BLM dismisses lease sale protests

Cattle Market & Farm Reports, Editorials
Jul 18, 2008
by WLJ

BLM dismisses lease sale protests

The Bureau of Land Management (BLM) has dismissed protests filed on its April 2008 oil and gas lease sale by the Western Environmental Law Center and WildEarth Guardians. As a result of the decision, the 61 leases sold at the April 16, 2008, lease sale will be awarded to the bidders that secured the leases, effective Aug. 1, 2008.

The protests alleged that federal laws and regulations compel BLM to do a series of detailed analyses of the impacts to global warming and climate change from potential greenhouse gas emissions before offering leases for oil and gas development on federal lands.

BLM rejected the protests because greenhouse gas emissions are addressed in Environmental Assessments (EAs) prepared by its field offices and because the agency has taken, and will continue to explore, significant actions to reduce the amount of greenhouse gases released into the atmosphere from federal oil and gas wells. For example, BLM requires that operators minimize flaring and venting of natural gas during production operations; BLM estimates that greenhouse gas emissions from federal wells in New Mexico have been reduced by 50 percent or more since 1980.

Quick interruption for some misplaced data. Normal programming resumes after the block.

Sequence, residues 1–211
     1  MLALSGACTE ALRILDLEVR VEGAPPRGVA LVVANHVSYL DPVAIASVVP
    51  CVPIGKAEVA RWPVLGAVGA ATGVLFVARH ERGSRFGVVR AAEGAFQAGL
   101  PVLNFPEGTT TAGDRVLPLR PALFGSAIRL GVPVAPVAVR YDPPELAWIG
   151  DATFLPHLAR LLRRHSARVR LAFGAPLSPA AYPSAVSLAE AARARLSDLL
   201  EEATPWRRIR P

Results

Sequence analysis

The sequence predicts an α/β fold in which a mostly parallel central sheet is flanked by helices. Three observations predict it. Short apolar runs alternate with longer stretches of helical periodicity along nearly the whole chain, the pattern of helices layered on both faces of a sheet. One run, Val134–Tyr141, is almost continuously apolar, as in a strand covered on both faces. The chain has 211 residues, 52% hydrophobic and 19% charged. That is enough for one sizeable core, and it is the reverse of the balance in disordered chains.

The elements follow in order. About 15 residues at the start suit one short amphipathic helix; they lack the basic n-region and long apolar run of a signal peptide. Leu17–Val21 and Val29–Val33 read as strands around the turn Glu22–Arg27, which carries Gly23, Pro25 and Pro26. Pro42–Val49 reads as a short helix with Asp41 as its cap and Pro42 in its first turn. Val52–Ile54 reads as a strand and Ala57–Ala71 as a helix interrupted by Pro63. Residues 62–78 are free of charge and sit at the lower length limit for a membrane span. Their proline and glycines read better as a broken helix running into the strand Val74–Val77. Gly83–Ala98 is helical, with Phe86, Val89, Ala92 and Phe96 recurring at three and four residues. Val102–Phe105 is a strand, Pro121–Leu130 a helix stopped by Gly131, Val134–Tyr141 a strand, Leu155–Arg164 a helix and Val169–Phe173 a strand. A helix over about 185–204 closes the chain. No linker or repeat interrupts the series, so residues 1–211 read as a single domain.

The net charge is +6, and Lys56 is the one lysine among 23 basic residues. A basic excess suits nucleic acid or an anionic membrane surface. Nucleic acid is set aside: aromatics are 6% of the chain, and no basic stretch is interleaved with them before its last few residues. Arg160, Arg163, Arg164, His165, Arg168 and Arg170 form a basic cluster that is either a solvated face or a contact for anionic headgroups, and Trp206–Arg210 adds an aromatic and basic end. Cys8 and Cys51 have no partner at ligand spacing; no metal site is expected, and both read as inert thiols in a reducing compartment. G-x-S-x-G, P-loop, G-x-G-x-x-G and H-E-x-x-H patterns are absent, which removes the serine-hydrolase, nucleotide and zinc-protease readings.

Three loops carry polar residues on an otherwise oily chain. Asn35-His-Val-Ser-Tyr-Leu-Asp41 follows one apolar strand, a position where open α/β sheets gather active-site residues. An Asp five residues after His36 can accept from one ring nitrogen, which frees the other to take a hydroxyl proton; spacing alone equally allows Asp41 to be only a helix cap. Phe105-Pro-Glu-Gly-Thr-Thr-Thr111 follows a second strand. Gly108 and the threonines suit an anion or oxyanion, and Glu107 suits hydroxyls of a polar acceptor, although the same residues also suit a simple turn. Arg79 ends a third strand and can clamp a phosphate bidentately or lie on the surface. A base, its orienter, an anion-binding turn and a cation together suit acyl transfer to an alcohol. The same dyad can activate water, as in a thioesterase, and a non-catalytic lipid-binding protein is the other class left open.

In the EA process, BLM offices examine air quality and other impacts from potential oil and gas development, including greenhouse gas emissions. Based on New Mexico’s Greenhouse Gas Inventory and Reference Case Projection 1990-2020, it was determined that issuing these leases will have no significant impact to the total regional and global greenhouse gas emission levels.

"We understand that people are concerned about greenhouse gases and global climate change, as are the BLM and the Department of the Interior," said Linda Rundell, New Mexico state director the BLM. "But we don’t feel this protest will help reduce the levels of gases released into the atmosphere. The real issue is worldwide demand and use of fossil fuels."

In its protest response, BLM noted that consumption of oil and gas would likely continue at current levels or increase in the future with or without the leases being issued in its April sale and that consumption of these fuels provides the greatest source of greenhouse gas emissions. BLM’s response further noted that if the BLM were to forego leasing or otherwise reduce oil and gas development on federal lands, public demand would not decrease in the U.S. or worldwide. The fuels not produced from federal leases would be replaced by other sources—sources that could include a combination of imports and other domestic production. The net effect, therefore, would not impact overall emission levels. In fact, levels of greenhouse gases could increase because oil and gas production in other parts of the world are not subject to the strict environmental regulations that apply to federal leases in this country. — WLJ